But after the cinematic buildup, the pitches prove anticlimactic. There is nothing particularly diabolical or even interesting about the strategies the lobbyists sketch for him. What is perhaps more surprising is how banal their ideas actually are: They promise to arrange meetings for Turkmen officials, host think-tank events and ghost-write upbeat op-eds. They offer to track the media coverage Turkmenistan garners and to help field press queries. It ultimately doesn't amount to much more than a standard PR plan. And even if the plan could cast Turkmenistan in a more positive light, nothing in the pitches would convincingly whitewash the regime's human rights record.
The real astonishment is how much the lobbyists expect to be paid. APCO quoted him roughly $600,000 a year. Cassidy & Associates estimated its services would run $4.5 million over three years, which it said was in line with what other regimes have paid: Equatorial Guinea, for example, was shelling out $2.4 million a year for Cassidy's services. "Look at our track record and what we've charged for other representations . . . and you'll see you're not being gouged," Silverstein says he was told by a senior member of the firm.
The result is either disappointing or heartening, depending on how you look at it. The disappointment is that Silverstein's scam comes to so little. Although he goes to great lengths to get inside lobbying firms, the reader wants him to go further, to find out when a lobbyist will blink. We expect more from smoke-filled rooms -- or, in this case, climate-controlled rooms -- with manicured men and women looking to flack for repressive regimes.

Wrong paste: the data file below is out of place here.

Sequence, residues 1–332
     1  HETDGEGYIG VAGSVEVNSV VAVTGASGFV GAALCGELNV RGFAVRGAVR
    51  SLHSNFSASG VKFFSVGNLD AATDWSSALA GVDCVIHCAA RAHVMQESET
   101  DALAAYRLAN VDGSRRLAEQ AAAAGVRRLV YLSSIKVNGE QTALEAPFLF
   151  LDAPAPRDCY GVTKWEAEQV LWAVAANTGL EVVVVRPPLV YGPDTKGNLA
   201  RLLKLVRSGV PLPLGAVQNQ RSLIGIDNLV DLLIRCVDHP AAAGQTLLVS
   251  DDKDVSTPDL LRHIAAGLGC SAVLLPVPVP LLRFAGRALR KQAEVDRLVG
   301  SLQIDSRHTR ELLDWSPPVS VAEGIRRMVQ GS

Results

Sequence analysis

But it is also heartening to think that some foreign thugs can be so easily parted from their money. If lobbyists charge them huge sums for run-of-the-mill services, that doesn't seem so terrible. Every dollar a tyrant fritters away on K Street is less money he's got for batons and bayonets.
Ironically, Silverstein's undercover methods, first aired in an article he wrote for Harper's, generated more controversy than anything those methods uncovered. Is it ethical for a journalist to lie to get the story? Silverstein never revealed his true identity to these firms. At some point, shouldn't he have given them a chance to respond? He doesn't think so, and he is at pains to defend his choices. His principal argument is that without his subterfuge he could never have learned what he did. That may be true, but it still leaves unanswered whether what he learned was worth the deception.
There is a healthy tradition of undercover journalism in America. It's been at its best when it has exposed the corruption or unjust practices of individuals or institutions in which we, the public, place our trust. But when did we ever place much trust in lobbyists? Here Silverstein has, in essence, exposed lobbyists for being, well, lobbyists. The only thing shocking is that some dictators may still buy what they are selling.